In the first half of the glorious 80s, some manufacturers, mainly the Japanese Casio and Sharp, battled for dominance of one of the most creative segment of personal computing: the pocket computers one, made of hybrid machines, halfway between a scientific calculator and a laptop.
Recently, I used to peek on ebay ads, and I came across a specimen declared as not working of the Casio PB-770, with its original leatherette case , bought at just 14 euro. If it were not for shipping fees…
The Jewel seemed to have a memory problem because, although having no program stored in its 10 slots, it returned an error code related to a memory shortage.
I feared the worst, since the ram chips installed in these vintage machines are no longer easily available. As a first step, I opened with much patience the case of the Casio PB -770 and I did a quick inspection.
But in many cases these flying leads were just a choice, to save on the cost of motherboard, and produce single-sided printed circuits rather than double-sided ones.
The Casio PB-770, as well as his minor brothers and cousins, is no exception to this rule, proposing some internals to thrill, with colorful wires that perform roller coaster tracks.
I inspected the memory chip, taking note of the parts code. Looking for about an hour on the search engines, I could not find any distributor that sells surplus rams of that kind.
I opened the battery compartment, and removed and replaced both operating (of common AA), and backup batteries (a coin type) and… miracle!
That was enough to bring my Casio PB-770 back to life! Probably there were dirty characters in memory that deceived the firmware and, in the absence of power for a few minutes, that information got lost, and memory was found to be perfectly functioning and free.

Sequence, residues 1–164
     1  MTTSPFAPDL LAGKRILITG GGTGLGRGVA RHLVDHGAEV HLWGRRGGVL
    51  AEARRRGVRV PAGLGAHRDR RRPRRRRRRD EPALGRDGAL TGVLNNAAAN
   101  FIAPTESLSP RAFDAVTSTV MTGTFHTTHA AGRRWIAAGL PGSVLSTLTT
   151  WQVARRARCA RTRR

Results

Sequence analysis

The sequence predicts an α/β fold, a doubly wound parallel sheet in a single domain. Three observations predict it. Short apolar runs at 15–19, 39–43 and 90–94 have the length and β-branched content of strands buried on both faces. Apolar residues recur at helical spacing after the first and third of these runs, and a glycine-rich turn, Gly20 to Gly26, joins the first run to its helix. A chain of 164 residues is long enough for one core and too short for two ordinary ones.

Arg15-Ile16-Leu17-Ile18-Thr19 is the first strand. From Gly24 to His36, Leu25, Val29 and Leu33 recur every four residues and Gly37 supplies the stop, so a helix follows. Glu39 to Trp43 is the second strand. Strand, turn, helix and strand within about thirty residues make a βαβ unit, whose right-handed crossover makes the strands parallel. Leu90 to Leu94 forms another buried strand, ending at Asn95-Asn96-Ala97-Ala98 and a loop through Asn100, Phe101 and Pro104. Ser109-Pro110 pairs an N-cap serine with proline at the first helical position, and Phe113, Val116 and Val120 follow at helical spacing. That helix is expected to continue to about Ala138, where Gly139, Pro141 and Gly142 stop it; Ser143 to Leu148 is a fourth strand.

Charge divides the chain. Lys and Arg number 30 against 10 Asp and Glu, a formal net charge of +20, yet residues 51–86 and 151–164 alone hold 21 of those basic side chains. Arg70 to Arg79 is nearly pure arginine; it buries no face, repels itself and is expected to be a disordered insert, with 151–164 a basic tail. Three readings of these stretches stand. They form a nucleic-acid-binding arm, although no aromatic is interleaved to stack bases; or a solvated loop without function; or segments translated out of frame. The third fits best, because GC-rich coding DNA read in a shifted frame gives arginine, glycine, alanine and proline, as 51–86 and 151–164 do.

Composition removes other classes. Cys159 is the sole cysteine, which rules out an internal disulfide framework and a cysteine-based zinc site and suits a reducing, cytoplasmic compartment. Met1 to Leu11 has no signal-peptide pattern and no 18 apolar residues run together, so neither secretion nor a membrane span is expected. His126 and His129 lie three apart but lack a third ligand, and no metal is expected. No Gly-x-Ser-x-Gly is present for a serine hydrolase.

A lucky break sometimes does not hurt! 🙂
The Casio PB-770 had 8KB of RAM, and was expanded by small size proprietary cartridges, up to a maximum of 32KB which, for the beginning of the 80s, were a real luxury.
The large display with adjustable costrast was a prominent feature, with its 4 lines on 20 columns in character mode, and its 160×32 pixels in graphics mode.
The Casio PB-770 was programmed in BASIC, and had a fairly advanced command set, also devoted to tracking graphs and histograms.
It was possible to store up to 10 different programs in the internal memory, and it was possible to make sure they ran each other, interacting with each other, allowing the programmer to design an extraordinarily flexible and modular software architecture.
Among the accessories, common to the whole PBxxx family, a docking station was available, the FA-11, which provided the Casio PB-770 of a microcassette unit and a four-color plotter. The overall size of all contained a common A4 sheet! Magical 80s! 🙂